• Sorry, that’s incorrect.

    As of 2014, the very best experimental units could convert more than 40% of light energy to electricity; ordinary commercial units are in the range of 5% to 20%. 

Which residential usage consumes the largest amount of energy?

  • Sorry, that’s incorrect.

    Consuming the largest amount of energy, space heating accounts for 31% of all residential energy used. Space cooling accounts for an additional 12% of energy usage.

  • Sorry, that’s incorrect.

    Consuming the largest amount of energy, space heating accounts for 31% of all residential energy used. Space cooling accounts for an additional 12% of energy usage.

  • Correct!

    Consuming the largest amount of energy, space heating accounts for 31% of all residential energy used. Space cooling accounts for an additional 12% of energy usage.

  • Sorry, that’s incorrect.

    Consuming the largest amount of energy, space heating accounts for 31% of all residential energy used. Space cooling accounts for an additional 12% of energy usage.

The consumption of energy in the United States is projected to rise by how much between 2013 and 2040?

  • Sorry, that’s incorrect.

    U.S. energy consumption is projected to rise 9% by 2040, or 0.3% per year, while global consumption will increase about 50% over the same period

  • Sorry, that’s incorrect.

    U.S. energy consumption is projected to rise 9% by 2040, or 0.3% per year, while global consumption will increase about 50% over the same period

  • Correct!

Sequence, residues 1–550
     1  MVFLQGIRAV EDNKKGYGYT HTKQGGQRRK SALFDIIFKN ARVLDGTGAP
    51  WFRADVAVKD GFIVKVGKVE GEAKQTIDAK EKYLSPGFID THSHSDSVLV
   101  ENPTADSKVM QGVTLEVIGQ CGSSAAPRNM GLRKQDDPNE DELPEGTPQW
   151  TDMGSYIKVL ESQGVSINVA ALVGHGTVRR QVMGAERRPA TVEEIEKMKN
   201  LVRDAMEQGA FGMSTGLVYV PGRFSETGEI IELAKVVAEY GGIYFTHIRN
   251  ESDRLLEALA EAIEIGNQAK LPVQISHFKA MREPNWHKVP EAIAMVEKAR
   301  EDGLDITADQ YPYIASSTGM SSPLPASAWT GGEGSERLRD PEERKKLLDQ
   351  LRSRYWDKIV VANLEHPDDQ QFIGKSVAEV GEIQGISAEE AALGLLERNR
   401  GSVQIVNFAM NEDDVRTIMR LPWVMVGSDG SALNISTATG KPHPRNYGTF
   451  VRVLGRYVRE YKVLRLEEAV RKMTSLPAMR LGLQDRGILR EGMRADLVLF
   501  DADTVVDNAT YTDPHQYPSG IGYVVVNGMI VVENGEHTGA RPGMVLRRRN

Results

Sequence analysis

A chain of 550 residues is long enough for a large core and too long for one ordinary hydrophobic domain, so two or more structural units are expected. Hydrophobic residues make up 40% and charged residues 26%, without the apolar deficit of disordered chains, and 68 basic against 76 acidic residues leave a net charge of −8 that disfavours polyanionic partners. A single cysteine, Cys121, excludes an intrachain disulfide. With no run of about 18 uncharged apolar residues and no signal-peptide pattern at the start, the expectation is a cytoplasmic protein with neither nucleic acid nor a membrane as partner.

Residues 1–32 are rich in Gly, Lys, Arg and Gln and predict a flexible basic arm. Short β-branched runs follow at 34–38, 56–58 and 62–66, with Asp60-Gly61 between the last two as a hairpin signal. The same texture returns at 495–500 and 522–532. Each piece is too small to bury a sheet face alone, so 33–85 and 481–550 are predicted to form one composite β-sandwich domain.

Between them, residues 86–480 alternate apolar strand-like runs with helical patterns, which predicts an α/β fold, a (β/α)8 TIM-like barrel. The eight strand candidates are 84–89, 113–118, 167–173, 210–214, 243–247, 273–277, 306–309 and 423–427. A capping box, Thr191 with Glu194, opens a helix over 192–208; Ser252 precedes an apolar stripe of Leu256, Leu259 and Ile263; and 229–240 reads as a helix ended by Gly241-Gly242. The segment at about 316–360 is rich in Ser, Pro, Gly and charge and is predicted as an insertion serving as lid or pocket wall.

U.S. energy consumption is projected to rise 9% by 2040, or 0.3% per year, while global consumption will increase about 50% over the same period

  • Sorry, that’s incorrect.

    U.S. energy consumption is projected to rise 9% by 2040, or 0.3% per year, while global consumption will increase about 50% over the same period

Which of the following sources do experts expect will provide us with the “silver bullet” solution to our energy needs?

  • Sorry, that’s incorrect.

    There is no silver bullet. Tomorrow’s energy, like today’s, will come from a variety of sources.

  • Sorry, that’s incorrect.

    There is no silver bullet. Tomorrow’s energy, like today’s, will come from a variety of sources.

  • Sorry, that’s incorrect.

    There is no silver bullet. Tomorrow’s energy, like today’s, will come from a variety of sources.

  • Correct!

    There is no silver bullet. Tomorrow’s energy, like today’s, will come from a variety of sources.

In 2014, of the four economic sectors, which used the most energy in the United States?

  • Sorry, that’s incorrect.

    In 2014, the industrial sector represented 32% of U.S. energy use, while transportation was 28%. Residential and commercial were 22% and 19% respectively.

  • Sorry, that’s incorrect.

    In 2014, the industrial sector represented 32% of U.S. energy use, while transportation was 28%. Residential and commercial were 22% and 19% respectively.

  • Correct!

    In 2014, the industrial sector represented 32% of U.S. energy use, while transportation was 28%. Residential and commercial were 22% and 19% respectively.

  • Sorry, that’s incorrect.

    In 2014, the industrial sector represented 32% of U.S. energy use, while transportation was 28%. Residential and commercial were 22% and 19% respectively.